By Abigail B. Colodner
Daily Arts Writer
The piano makes tight, repeated runs while
violins flutter - it's the
acoustic equivalent of but-
terflies in the stomach. At Regina
last they break into long, Spektor
climbing strokes as Regi- Friday at 7 p.m.
na Spektor's inimitable $13.50
voice travels one divinely
long and wide vibrato. AStt. Andrew's Hall
That's the moment that
makes "Us" the one song you've heard if
you've heard of Regina Spektor, who will play
at St. Andrew's Hall Friday at 7 p.m.
Spektor's songs are character sketches, per-
sonal confessions and fanciful vignettes, and
their one constant is her adaptive voice. She
croons, spits words out, uses her voice per-
cussively and sings with a vocal freedom that
allows her to be at once wild and disciplined.
Her voice is a dream, a highly unusual instru-
ment that will floor listeners.
Her new album, Begin to Hope, which was
released this summer, has more of a studio
feel than her quirky breakout record Suviet
Kitsch, but both freely experiment with song
styles. Spektor, who fled as a child from Sovi-
et Moscow to New York City with her fam-
ily, clearly draws on wide influences. She is
a classically trained pianist, and shades of
Randy Newman's sound comes out in her
piano-driven "Summer in the City," a self-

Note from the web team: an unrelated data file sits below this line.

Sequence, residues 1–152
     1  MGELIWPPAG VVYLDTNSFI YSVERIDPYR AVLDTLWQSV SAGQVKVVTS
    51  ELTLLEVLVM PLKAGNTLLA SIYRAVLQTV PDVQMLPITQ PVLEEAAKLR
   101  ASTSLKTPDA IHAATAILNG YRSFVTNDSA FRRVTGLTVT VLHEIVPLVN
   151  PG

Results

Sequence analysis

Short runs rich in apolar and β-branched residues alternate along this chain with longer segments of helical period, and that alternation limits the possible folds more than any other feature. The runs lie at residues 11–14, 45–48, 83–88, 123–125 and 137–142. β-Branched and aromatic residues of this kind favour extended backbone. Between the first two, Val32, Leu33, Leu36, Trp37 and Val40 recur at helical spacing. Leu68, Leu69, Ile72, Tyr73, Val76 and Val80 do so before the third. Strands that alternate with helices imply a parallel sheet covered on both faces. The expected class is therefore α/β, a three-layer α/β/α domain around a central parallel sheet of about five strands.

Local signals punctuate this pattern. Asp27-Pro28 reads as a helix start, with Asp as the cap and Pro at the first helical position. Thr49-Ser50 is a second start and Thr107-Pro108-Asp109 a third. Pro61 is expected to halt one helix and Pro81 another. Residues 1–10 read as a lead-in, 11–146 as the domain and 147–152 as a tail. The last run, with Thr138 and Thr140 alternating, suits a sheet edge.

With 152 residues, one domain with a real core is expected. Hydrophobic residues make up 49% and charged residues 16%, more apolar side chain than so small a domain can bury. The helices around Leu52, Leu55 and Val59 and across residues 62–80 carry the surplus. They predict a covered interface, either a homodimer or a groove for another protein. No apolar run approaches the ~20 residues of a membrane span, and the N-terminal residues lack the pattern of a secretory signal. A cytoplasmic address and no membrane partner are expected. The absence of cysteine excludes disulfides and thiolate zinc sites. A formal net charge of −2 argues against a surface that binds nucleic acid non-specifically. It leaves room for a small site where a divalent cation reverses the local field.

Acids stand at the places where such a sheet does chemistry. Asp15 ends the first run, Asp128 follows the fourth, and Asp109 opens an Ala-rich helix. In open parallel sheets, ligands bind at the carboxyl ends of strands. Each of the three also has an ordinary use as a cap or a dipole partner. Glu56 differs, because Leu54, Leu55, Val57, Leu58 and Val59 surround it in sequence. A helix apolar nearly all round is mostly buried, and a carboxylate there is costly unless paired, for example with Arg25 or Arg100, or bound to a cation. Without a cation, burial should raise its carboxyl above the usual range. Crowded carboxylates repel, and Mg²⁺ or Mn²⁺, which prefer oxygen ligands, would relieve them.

"OK, OK, enough with The Ronettes jokes."
effacing ballad wit a buffer of humor, and
the deliberate w Ay SpekLor rolls through the
upper and lowersc regirs of her voice call
Joni Mitlhtell to ind.
Occasional ly she edges on gimmickry, but
she commits so fully to these explorations
that it feels sotcre. And wile she often rides
the line betwee infantile and incredible, it's
hard for audietces to boo her inspired bab-
bling even i they do tindesrstand it at first:
they're too bssy beingawsestrtck. On "Music
Box," a bonius traick ott dei o Hope, Spe-
ktor sings from th c spetive of a music
box who wishes she c)ild "sing another
melody comopletely" - Isis prticular music
box would rtier sing about soap bubbles,
and as she tries to override her programmed
song she finds herself choking and hopelessly
This summer at a record store in New York,
Spektor played a concert to support Begin to
Hope. The eminently calm and good-natured
crowd peered at Spektor from atop crates of
CD cases and through cracks in shelves. Sitting
at her piano, Spektor seemed overwhelmed by
the crowd's wholehearted attention. Through-
out the performance, Spektor shared knowing
glances with strangers in the crowd. At one
moment she had to look up and away because
she was smiling too much to sing.
The chance to see Spektor live at St.
Andrew's Hall is rare and shouldn't be passed
up. "Suppose I kept on singin' love songs / Just
to break my own fall?" she sing. There's little
danger of that, because those who hear her will
hold her up, too.
TV On the Radio frontman Tunde Adebimpe serenades
Detroit fans through the seductive scratch of an amplified
megaphone during the band's encore Tuesday night at St.
Andrew's Hall. The avante-garde indie favorites are currently
touring the nation in support of their critically acclaimed
release Return to Cookie Mountain. The album includes
current single "Wolf Like Me" and "Province," a track on
which TVOTR fan/rock legend David Bowie provides backing
vocals. At St. Andrew's, Grizzly Bear opened the night.
We've been supporting the UM
Community since 1939...